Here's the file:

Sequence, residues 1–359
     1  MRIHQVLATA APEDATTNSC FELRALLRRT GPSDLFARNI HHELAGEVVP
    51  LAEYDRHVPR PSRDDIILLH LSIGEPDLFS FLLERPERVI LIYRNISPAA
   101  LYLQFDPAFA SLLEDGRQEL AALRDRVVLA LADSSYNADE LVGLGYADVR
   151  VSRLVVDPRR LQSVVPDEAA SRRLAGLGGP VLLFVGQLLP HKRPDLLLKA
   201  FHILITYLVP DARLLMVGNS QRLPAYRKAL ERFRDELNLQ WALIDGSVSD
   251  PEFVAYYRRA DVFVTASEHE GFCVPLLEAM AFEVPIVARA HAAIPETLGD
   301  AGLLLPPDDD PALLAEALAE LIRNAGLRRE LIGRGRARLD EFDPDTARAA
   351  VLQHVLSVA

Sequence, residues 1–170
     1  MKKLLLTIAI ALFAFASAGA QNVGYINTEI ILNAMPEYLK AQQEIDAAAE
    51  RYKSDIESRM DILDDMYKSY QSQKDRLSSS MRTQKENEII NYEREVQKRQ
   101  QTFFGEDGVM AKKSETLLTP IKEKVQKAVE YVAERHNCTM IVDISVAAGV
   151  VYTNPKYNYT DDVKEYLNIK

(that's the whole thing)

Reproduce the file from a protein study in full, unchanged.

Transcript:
Sequence, residues 1–359
     1  MRIHQVLATA APEDATTNSC FELRALLRRT GPSDLFARNI HHELAGEVVP
    51  LAEYDRHVPR PSRDDIILLH LSIGEPDLFS FLLERPERVI LIYRNISPAA
   101  LYLQFDPAFA SLLEDGRQEL AALRDRVVLA LADSSYNADE LVGLGYADVR
   151  VSRLVVDPRR LQSVVPDEAA SRRLAGLGGP VLLFVGQLLP HKRPDLLLKA
   201  FHILITYLVP DARLLMVGNS QRLPAYRKAL ERFRDELNLQ WALIDGSVSD
   251  PEFVAYYRRA DVFVTASEHE GFCVPLLEAM AFEVPIVARA HAAIPETLGD
   301  AGLLLPPDDD PALLAEALAE LIRNAGLRRE LIGRGRARLD EFDPDTARAA
   351  VLQHVLSVA

Sequence, residues 1–170
     1  MKKLLLTIAI ALFAFASAGA QNVGYINTEI ILNAMPEYLK AQQEIDAAAE
    51  RYKSDIESRM DILDDMYKSY QSQKDRLSSS MRTQKENEII NYEREVQKRQ
   101  QTFFGEDGVM AKKSETLLTP IKEKVQKAVE YVAERHNCTM IVDISVAAGV
   151  VYTNPKYNYT DDVKEYLNIK